Sao Paulo, Brazil a woman fills up with alcohol made from sugar cane. Credits: Ron Giling

"The ethanol industry in Brazil began in earnest in 1975 when Brazil’s military leader, General Ernesto Geisel ordered that the country’s gasoline supply be mixed with 10% ethanol. Over the next five years, the country steadily raised that level to 25%." By James Ronald Skains, The Piney Woods Journal

"Brazil launched its Pro-Ethanol Program in 1976 with subsidies for mills to produce ethanol on a commercial scale, with the expressed purpose of reducing Brazil’s dependence on oil imports after the first oil shock in the early 1970s." Source: Reuters, February 3, 2006, By Inae Riveras

 "Brazil’s Ministry of Treasury published the change last December. Under the new schedule, anhydrous ethanol prices will be deregulated May 1, 1997, and hydrated ethanol will be removed from government control May 1, 1998, said Plinio Nastari, president of DATAGRO, a Sao Paulo-based ethanol consulting firm." Source: Oxy-Fuel News, 2/3/97

There is BOLD leadership at the end. Read on.
Brazil ended its ethanol subsidies in the mid 1990s. Even with subsidies gone the price of ethanol today is about half that of gasoline, according to David Morris in his article The Future of Ethanol, published April 17, 2005 by the Star Tribune (Minneapolis, MN).

"Brazil has the world’s most developed bio-fuels market in the world. Today 30,000 filling stations across the country sell ethanol fuel distilled from sugar cane." Source: Reuters, February 3, 2006, By Inae Riveras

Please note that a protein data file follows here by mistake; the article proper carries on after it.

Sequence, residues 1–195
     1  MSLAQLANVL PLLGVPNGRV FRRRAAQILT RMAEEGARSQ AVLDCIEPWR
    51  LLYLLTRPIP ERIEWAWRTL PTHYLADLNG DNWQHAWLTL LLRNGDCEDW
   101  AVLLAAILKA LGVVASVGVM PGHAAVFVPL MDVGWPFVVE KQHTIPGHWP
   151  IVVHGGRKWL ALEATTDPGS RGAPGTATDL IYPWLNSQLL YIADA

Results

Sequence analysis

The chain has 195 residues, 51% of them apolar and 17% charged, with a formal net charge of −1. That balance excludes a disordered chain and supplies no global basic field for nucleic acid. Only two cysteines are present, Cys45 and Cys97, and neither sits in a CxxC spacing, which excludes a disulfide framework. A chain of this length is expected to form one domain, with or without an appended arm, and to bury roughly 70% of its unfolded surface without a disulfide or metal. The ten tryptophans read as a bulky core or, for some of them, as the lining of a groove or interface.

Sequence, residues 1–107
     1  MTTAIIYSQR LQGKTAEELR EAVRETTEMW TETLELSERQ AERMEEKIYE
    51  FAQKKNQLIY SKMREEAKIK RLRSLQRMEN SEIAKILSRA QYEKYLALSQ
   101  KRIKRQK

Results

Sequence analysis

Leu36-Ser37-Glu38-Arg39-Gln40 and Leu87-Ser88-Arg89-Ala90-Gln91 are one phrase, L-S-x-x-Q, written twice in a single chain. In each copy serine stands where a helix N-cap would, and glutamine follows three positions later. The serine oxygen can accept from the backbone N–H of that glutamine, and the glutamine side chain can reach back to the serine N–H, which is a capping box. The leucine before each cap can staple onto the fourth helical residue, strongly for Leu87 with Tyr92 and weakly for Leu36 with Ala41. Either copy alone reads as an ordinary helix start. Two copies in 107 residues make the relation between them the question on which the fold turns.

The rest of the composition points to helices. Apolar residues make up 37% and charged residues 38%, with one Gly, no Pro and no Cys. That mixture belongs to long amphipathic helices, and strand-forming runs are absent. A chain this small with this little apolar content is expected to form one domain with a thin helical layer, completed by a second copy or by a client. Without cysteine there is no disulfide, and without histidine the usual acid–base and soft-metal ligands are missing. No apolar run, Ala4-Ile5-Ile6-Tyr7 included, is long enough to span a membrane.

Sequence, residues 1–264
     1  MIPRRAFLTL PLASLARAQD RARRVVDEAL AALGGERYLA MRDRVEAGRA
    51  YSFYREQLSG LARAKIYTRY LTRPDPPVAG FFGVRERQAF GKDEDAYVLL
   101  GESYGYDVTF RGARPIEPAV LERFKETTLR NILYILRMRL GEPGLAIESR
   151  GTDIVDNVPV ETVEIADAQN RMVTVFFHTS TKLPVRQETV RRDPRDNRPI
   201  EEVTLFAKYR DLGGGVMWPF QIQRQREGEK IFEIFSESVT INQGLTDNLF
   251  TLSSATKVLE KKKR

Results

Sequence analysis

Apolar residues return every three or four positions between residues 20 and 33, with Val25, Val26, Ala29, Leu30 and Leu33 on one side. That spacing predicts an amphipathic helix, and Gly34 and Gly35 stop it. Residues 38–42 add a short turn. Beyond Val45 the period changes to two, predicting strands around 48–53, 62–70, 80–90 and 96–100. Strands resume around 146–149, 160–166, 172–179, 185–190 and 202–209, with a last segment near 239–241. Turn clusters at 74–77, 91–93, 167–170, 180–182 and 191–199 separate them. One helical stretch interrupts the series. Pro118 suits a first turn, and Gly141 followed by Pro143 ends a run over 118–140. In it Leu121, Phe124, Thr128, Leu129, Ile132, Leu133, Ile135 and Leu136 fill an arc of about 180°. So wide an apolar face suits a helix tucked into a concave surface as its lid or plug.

Brazilian ethanol is about three times cheaper than U.S. ethanol, according to a May 18, 2004 publication of the Peoria Journal Star (IL).

"Brazilian producers burn cellulosic stalk of sugar cane to make energy that fuels the entire industrial process. "That is why our production costs are half that of corn,"" says Eduardo Pereira de Carvalho, head of the Sao Paulo Sugarcane Agroindustry Union. By Kelly Hearn, 15 Dec 2005, Grist Magazine

"The fuel substitutes for 204,000 barrels of gasoline equivalent a day, or roughly 41 percent of all gasoline sold nationally, which also includes a 20 to 25 percent ethanol blend. Seven out of every 10 new cars in Brazil are now flex-fuel vehicles which can run on gasoline or ethanol or any mixture of the two." Source: Reuters, February 3, 2006, By Inae Riveras

How can we do better than Brazil here.

1. Require that all new gasoline vehicles sold in the US be flexible fuel vehicles by the year 2010. The increased cost to manufacture each vehicle as a flexible fuel vehicle will only be about $100 dollars per vehicle.

2. Require all gasoline sold in the US to have at least 10% Ethanol blended in before sale and increase it by 1% every other year for 10 years staring in 2010. 15% Ethanol blend will not damage gasoline automobiles and by that time all, all gasoline cars will be ten years old or older.

3. Require that at least 1 pump at every gasoline station that has more than one grade of gasoline be devoted to selling a blend of Ethanol and gasoline that is 85% Ethanol, by the year 2010.

4. Subsidize Ethanol so that the price is competitive with gasoline, however, lower subsidies by 10% a year starting in 2015, completely phasing out the subsidy by the year 2025.

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